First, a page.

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CITY RAISES FINE TO

$500 FOR THOSE CAUGHT
USING FIREWORKS
FIRST TIME
Form will be set up on website
to report violators
BY JULIA BAUM
176

$1.00

Volume 13, Issue 34 June 10, 2016 www.community-newspapers.com
PHOTOGRAPH BY JACQUELINE RAMSEYER

L

ight up some fireworks in San Jose this summer
and expect to pay a fine of $500 if caught for the
first time and up to $1,000 if caught more often.
And don’t expect much sympathy from neighbors
because they very well could be the ones who reported
the illegal act.
In an effort to crack down on people who defy the
city’s ban against setting off sparklers, bottle rockets,
Roman candles and all other types of fireworks, the
San Jose City Council on April 12 increased fines from
$350 to $500 for a first offense, $700 for a second offense and $1,000 for each subsequent offense.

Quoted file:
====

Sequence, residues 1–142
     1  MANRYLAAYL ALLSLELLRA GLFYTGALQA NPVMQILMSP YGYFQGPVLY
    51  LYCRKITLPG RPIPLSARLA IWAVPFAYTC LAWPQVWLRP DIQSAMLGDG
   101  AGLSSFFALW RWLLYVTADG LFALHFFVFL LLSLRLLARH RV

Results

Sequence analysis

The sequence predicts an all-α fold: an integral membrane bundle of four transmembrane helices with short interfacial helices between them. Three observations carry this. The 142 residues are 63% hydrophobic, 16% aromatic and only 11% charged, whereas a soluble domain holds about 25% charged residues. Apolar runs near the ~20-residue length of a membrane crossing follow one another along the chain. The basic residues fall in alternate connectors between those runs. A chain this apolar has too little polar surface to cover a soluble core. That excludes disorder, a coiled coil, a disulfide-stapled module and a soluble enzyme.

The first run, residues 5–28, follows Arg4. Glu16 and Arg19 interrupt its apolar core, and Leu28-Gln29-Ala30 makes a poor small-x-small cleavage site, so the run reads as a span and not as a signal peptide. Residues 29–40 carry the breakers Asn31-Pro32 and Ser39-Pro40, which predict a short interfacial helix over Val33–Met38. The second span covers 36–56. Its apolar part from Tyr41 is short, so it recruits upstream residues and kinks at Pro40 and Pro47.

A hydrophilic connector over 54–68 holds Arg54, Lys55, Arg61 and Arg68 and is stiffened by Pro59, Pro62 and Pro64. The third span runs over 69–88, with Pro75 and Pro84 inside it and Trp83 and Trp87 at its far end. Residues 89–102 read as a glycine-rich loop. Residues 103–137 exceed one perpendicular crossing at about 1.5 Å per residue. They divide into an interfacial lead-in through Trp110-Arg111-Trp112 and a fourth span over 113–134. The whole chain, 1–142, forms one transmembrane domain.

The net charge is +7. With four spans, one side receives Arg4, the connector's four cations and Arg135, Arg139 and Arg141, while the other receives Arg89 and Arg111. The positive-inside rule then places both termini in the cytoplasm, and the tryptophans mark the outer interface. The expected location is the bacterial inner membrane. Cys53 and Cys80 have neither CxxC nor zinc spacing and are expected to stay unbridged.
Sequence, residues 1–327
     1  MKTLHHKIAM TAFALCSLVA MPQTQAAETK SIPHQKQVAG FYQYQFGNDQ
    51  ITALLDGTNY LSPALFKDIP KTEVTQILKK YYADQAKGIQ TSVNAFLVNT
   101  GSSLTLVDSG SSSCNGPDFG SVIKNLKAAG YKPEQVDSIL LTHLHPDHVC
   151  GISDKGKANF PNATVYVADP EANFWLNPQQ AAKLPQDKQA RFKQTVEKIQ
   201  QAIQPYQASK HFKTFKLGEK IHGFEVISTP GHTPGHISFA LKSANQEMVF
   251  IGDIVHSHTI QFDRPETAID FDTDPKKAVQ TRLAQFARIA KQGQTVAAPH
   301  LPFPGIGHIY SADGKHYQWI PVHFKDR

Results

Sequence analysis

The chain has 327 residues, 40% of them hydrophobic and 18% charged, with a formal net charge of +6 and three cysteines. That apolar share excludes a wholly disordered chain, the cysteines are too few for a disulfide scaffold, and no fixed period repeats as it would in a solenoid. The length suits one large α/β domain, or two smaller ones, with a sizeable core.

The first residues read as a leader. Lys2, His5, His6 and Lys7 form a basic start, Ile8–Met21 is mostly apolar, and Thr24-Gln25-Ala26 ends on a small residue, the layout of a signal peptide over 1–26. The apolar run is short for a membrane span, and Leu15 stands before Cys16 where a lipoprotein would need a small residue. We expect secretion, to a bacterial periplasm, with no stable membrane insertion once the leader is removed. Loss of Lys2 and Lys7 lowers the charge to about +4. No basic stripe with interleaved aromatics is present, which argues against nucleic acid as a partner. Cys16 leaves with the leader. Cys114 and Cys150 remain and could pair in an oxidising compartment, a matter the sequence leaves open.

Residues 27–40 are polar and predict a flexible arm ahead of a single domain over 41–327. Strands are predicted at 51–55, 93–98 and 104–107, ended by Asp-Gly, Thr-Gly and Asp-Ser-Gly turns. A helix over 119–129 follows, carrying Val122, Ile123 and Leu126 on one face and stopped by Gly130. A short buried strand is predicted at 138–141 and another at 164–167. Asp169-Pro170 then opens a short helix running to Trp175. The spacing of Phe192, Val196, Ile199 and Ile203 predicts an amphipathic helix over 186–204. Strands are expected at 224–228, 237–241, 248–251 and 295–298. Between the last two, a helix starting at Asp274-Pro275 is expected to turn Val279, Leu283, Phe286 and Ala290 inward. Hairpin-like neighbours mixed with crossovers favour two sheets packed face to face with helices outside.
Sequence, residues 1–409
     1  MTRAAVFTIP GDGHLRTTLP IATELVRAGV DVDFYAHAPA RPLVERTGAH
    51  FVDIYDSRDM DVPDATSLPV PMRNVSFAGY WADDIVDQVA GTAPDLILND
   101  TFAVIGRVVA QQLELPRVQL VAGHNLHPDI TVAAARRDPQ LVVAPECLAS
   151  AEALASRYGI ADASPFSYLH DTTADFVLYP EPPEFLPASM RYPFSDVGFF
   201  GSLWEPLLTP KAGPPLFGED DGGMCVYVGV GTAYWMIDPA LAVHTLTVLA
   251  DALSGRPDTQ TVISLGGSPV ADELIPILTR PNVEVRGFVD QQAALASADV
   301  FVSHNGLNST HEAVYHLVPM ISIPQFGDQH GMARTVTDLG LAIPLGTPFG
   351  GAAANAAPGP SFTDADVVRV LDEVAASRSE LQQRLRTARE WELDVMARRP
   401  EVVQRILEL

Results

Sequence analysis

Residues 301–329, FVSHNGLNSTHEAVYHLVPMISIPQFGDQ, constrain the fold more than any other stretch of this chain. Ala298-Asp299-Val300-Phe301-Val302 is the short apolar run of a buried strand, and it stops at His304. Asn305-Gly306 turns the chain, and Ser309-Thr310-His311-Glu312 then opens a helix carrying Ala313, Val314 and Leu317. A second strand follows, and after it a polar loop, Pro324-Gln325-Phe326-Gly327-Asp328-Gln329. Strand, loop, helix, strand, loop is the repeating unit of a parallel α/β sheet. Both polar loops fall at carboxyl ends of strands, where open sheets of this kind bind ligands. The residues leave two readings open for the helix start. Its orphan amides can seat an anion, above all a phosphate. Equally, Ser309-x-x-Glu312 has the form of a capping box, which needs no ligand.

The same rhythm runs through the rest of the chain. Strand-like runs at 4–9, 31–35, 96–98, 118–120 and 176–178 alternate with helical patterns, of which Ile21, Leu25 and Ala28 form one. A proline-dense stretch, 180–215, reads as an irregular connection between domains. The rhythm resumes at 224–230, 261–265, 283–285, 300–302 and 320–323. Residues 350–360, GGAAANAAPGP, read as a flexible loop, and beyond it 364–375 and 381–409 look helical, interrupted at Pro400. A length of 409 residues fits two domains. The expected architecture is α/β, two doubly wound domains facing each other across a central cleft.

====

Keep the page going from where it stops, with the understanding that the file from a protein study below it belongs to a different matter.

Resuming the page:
It also authorized a July 1-5 pilot program in which
neighbors are encouraged to report anyone spotted
using fireworks to an anonymous tips form on the
city’s website.
In 2014, a memo co-authored by District 10 Councilman Johnny Khamis said the city received more than
2,000 complaints about illegal fireworks in June and
July that year.
Residents in neighborhoods with older woodframe houses vulnerable to catching fire and those in
Almaden Valley’s open space areas are particularly
upset by the fireworks.
“A lot of times people will complain, ‘There’s
people out there popping off fireworks, scaring my
dog’...usually things of that nature,” Khamis told the
Resident. “Usually very loud, explosive noises in the
neighborhood are the calls we get. We get a gamut of
complaints, from noise to the fear of fire spreading,
especially because we have Quicksilver Park in the
area. Usually this time of year the brush is very dry.”
The city is usually “inundated” with complaints
during the weeks before and after Independence Day,
Khamis said, although the free fireworks show at
Almaden Lake has helped cool off some of the public’s
enthusiasm for setting off their own explosives.